18 Fun Facts About Phuket, Thailand

by Janis on February 25, 2014

Since we will visit Phuket, Thailand for the first time next month via a cruise ship, we’ve been doing a little pre-trip research.

Here are 18 Fun Facts we found about Phuket, Thailand

1. Phuket (pronounced Poo-get) is Thailand’s largest island situated off the west coast in the Andaman Sea. Two bridges connect the island of Phuket to mainland Thailand.

2. Phuket is one of the 76 provinces that make up the country of Thailand.  With 69.5 million people, Thailand is the world’s 20th most populous country.  Tourism has helped convert Phuket island into Thailand’s wealthiest province.

3. More than 600,000 people live on the island of Phuket but the official registered Thai population was 360,905 people at the end of 2012. A combination of migrant workers, international expats, long-term tourists and Thais registered in other provinces who live in Phuket at least part of the year swell the population.

4. Phuket Town — the largest town in Phuket Province — is the economic hub of the island.

Cruise ships at anchor tendering into Putong Bay, Phuket, Thailand

To call on Phuket, Thailand, cruise ships at anchor tendering into Putong Bay, in Phuket, Thailand

5. Cruise ships calling on Phuket can dock at Ao Makham Deep Sea Port approximately five miles south of Phuket Town, but during the favorable weather of November to April they often in anchor on the west side of the island and tender to a temporary pier at the south end of Patong Beach. Kalim Beach on the north end of Patong has also been used as a tender pier for cruise guests.

Coral Island, Phuket, Thailand. Photo by Andrzej Buryan Photography

Coral Island, Phuket, Thailand. Photo by Andrzej Buryan Photography

 6. Phuket is hot and humid throughout the year with the highest temperatures between March and early May. During the summer monsoon season of May to October, mornings are often sunny and clear with afternoon and evening rain. November to February is the “cool” season and the most popular time for tourist visits.

7. Phuket suffered extensive damage from the December 26, 2004 tsunami resulting from an Indian Ocean earthquake. Many of the damaged resorts were back in business by February, 2005 and little tsunami damage can be seen on the island today.

8. Thailand launched the first of the 22 U.S.-made tsunami-detection buoys positioned around the Indian Ocean as part of a regional warning system in December, 2006. The satellite-linked deep-sea buoy floats 620 miles offshore near the midway point between Thailand and Sri Lanka.

9. Mountains that stretch from north to south cover 70 percent of Phuket.

10. Phuket has nine brooks and creeks but no major rivers.

Thao Thep Kasattri and Thao Sri Sunthon monument. Photo by Sry85.

11. Thepkassatri Road, one of Phuket’s main roads leads past the “˜Heroine’s Monument’ paying tribute to Thao Thep Kasatri and Thao Sri Suntorn.  When the Burmese tried to invade in 1785, the widow of the deceased governor and her sister ordered the women to dress as men and take positions on the Thalang city walls. Tricked into thinking Phuket had many troops, the Burmese were afraid to attack Phuket and retreated due to starvation. The two women became local heroines. They received the honorary titles from King Rama I.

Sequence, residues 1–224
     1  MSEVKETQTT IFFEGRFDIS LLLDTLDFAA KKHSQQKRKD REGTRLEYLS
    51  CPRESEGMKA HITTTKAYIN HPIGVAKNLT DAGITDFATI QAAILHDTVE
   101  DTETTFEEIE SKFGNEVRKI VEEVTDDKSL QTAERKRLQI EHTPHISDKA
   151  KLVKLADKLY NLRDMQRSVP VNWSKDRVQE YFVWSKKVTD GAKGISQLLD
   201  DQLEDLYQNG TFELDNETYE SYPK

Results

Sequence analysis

12. Throughout history, Phuket was on one of the major trading routes between India and China, and was frequently mentioned in ship logs of Portuguese, French, Dutch and English traders. Tin mining has been a major source of income for the island since the 16th century. Tin and rubber contributed to Phuket’s rich and colorful history.

13. Today 60 percent of Phuket is covered with forest, rubber and palm oil plantations. Phuket’s rubber output helps make Thailand the world’s largest producer of rubber.

14. While Buddhism is practiced by 95 percent of Thailand’s population, Phuket is a melting pot of indigenous Thais, Thai-Chinese, ethnic Malays and sea gypsies. The majority of the Phuket’s rural population is Muslim.

15. Patong Beach on the central west coast is Phuket’s most popular tourist area with inexpensive shopping and an intense nightlife scene. In Thai, Patong means “the forest filled with banana leaves.”

16. Karon Beach, Kata Beach and Kata Noi Beach are popular beaches south of Patong.  North of Patong are the more relaxed and less-crowded Kamala, Surin and Bang Tao Beaches.

17. Snorkelers and scuba divers flock to the coral of Similan and Phi Phi Islands south of Phuket.

Ko Tapu known as James Bond Island, is part of the Khao Phing Kan islands, in Thailand's Phang Nga Bay.  Photo by Diego Delso

Ko Tapu known as James Bond Island, is part of the Khao Phing Kan islands, in Thailand’s Phang Nga Bay.  Photo by Diego Delso


18. After its starring role in the James Bond movie The Man With the Golden Gun, the bizarre, why-doesn’t-it-fall-over island of Koh Tapu in Phang Nga Bay was renamed James Bond Island. This famous bay is known for a number of limestone cliffs that jut out of the emerald-green water like skyscrapers. During high season, the entire area is often crowded with tour boats.

Learn more about Phuket and traveling in Thailand with these resources:
Lonely Planet Pocket Phuket


Thailand’s Best Street Food: The Complete Guide to Streetside Dining in Bangkok, Chiang Mai, Phuket and Other Areas

Lonely Planet Thai Phrasebook & Dictionary

Have you visited Phuket? What ‘fun fact’ can you add to this list?

Other Fun Facts posts:

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